A Washington Post/ABC News poll released Saturday shows that 53 percent of Americans say they are “hopeful” about what the new year holds in store for them personally. Forty-four percent, however, characterize their mood as “fearful.”
They are also the least optimistic figures in a decade, down from highs in 2001. In that year, 80 percent said they were personally hopeful , with 16 percent fearful about the year ahead.
Asked what the next year means for the world in general, a majority of Americans signaled worry, with 56 percent fearful and 40 percent hopeful.
The poll also shows continuing anxiety about the looming “fiscal cliff,” with 45 percent saying they don’t believe lawmakers and the president will reach a deficit-reduction deal by year’s end.
Nearly 6 in 10 respondents are very concerned about the nation’s economy if talks fail, and 53 percent of those say they are fearful about 2013.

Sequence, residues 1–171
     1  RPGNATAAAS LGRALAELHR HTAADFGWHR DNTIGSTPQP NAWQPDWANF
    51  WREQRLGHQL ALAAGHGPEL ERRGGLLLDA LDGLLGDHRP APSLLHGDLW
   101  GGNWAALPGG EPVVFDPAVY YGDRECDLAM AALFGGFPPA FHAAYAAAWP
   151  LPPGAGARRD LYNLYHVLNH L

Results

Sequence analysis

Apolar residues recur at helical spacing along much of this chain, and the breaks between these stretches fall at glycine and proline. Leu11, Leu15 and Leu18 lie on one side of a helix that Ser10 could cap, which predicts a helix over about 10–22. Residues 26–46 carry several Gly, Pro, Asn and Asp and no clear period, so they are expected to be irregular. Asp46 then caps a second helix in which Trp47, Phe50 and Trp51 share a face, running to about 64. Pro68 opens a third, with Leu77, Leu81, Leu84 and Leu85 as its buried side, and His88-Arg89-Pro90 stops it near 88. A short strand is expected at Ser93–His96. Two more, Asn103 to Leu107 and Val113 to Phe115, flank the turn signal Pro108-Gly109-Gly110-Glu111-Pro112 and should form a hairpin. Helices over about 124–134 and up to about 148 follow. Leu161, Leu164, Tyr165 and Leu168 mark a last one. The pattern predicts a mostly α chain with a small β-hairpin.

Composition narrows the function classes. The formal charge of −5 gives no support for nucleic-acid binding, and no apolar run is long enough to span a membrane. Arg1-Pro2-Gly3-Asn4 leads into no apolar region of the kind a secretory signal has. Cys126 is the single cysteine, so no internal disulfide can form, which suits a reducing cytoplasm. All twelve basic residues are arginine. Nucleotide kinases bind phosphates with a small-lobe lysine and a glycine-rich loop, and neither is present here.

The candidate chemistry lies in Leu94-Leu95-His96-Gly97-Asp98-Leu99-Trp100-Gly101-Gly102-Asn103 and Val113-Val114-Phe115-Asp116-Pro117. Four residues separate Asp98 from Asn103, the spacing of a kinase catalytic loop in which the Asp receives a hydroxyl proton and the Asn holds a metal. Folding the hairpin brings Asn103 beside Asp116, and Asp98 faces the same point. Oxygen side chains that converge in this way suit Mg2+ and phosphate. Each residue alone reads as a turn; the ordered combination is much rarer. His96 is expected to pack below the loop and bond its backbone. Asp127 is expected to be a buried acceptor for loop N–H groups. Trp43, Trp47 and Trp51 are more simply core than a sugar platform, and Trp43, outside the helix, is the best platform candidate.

Talks between House Republicans and President Obama appeared to reach a dead end last week after Speaker BoehnerJohn BoehnerHouse GOP faces dilemma on spending bills Overnight Finance: Puerto Rico bill clears panel | IRS chief vows to finish term | Bill would require nominees to release tax returns Overnight Defense: Pentagon chief fears sequestration's return MORE (R-Ohio)’s “Plan B” tax plan failed to muster enough GOP support in the House.
Boehner said that while he is willing to work with the president, the onus for finding a plan to avoid January’s tax rate hikes and automatic spending cuts now rested with Democrats.
Obama and lawmakers have left Washington for the holidays, but are expected to return later this week.
Overall, Republicans seem more concerned about the future than Democrats. 75 percent of Democrats are hopeful about their personal lives in the next year, with only 25 percent of Republicans feeling the same. Fifty percent of independents say they are hopefully personally.